Helping Those Who Help Others

woman in blue shirt wearing face mask min scaled
* Names and any identifying information have been changed to protect patient privacy. 

Mary* has been a social worker for 30 years and has worked at the same hospital in northern New Jersey for the past 20 years. She is passionate about her work and dedicated to helping patients and their families understand their diagnosis and treatment options and negotiate the social and emotional effects of their health condition. 

Hospital social work is more than just a job or a paycheck to me. It’s my calling; it’s who I am. I find it personally and professionally rewarding to be able to help patients during what is often an overwhelming and scary time in their lives, Mary explains. 

Helping the Health Carers

Prior to COVID-19, Mary rarely missed a shift or called out sick. However, as the outbreak worsened in her community and the number of COVID-19 cases at her hospital continued to rise, she grew increasingly anxious about going to work. Sadly, two of her friends passed away from COVID-19 and several of her coworkers tested positive. Even though Mary tested negative, she was symptomatic, so her hospital sent her home for 14 days of self-quarantine.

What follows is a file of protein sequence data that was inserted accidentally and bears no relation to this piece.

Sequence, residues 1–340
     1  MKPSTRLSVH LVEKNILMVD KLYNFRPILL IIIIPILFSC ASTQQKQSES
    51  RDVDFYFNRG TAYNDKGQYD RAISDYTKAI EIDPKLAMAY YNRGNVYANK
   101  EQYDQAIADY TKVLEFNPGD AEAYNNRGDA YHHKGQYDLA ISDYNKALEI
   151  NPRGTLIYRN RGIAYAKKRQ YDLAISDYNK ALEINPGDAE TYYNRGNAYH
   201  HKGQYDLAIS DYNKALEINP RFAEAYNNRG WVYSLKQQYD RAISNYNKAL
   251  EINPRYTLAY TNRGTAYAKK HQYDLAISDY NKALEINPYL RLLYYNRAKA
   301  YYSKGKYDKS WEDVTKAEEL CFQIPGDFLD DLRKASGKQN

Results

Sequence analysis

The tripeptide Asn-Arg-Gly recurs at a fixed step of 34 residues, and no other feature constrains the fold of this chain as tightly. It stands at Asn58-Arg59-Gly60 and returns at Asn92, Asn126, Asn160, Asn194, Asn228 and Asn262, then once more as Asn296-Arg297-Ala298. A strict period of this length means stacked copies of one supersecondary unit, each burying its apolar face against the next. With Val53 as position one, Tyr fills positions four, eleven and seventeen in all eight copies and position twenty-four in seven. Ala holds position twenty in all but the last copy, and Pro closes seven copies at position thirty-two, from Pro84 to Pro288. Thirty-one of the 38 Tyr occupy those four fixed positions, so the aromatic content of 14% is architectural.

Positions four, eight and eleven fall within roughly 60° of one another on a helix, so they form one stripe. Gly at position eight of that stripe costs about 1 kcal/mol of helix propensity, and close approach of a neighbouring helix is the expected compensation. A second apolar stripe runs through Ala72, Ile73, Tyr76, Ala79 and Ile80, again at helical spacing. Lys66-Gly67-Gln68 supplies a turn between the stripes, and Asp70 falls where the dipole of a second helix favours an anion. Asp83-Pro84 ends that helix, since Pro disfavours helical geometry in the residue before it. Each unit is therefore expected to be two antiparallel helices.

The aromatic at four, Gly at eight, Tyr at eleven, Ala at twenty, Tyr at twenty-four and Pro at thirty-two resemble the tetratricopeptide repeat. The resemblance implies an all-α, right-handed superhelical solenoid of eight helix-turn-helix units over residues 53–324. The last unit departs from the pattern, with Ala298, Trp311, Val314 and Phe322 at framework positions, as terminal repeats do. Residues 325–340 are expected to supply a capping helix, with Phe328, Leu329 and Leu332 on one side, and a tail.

As the end of her quarantine period loomed closer, Mary became nearly paralyzed with fear at the prospect of returning to work. Witnessing first-hand so much illness and death in her hospital due to the coronavirus coupled with the personal loss of two friends, took a heavy emotional toll on Mary.  She described crippling anxiety, overwhelming feelings of helplessness and pessimism, insomnia and nightmares. 

“I am trained in mental health. I know the signs to look for that signal a more serious mental health concern. I knew I needed help,” said Mary. “I love my job; I love helping people and I know that patients need my help now more than ever. I want to help, but I’m so scared to go back to work. I don’t want to get sick; I am so afraid I’m going to die. I feel so guilty for feeling this way. I don’t know what to do.” 

Mary reached out to her insurance company, who referred her to Inpathy for online mental health services with licensed therapy and psychiatry clinicians.  Mary was able to quickly connect with a psychiatrist for treatment.  “I’ve had several virtual appointments with my psychiatrist. With his help, I feel more in control of my fear and anxiety. Now, I can help others cope while also taking care of my own mental and emotional health. 

Read Abby's Story

* Names and any identifying information have been changed to protect patient privacy. 

Behavioral Care News

The telehealth industry is changing rapidly. Stay informed and get the latest news, events and resources delivered straight to your inbox.

If you are in crisis, call 988 to talk with the National Suicide Prevention Lifeline, text HOME to 741741 to connect to a free crisis counselor, or go to your nearest emergency room.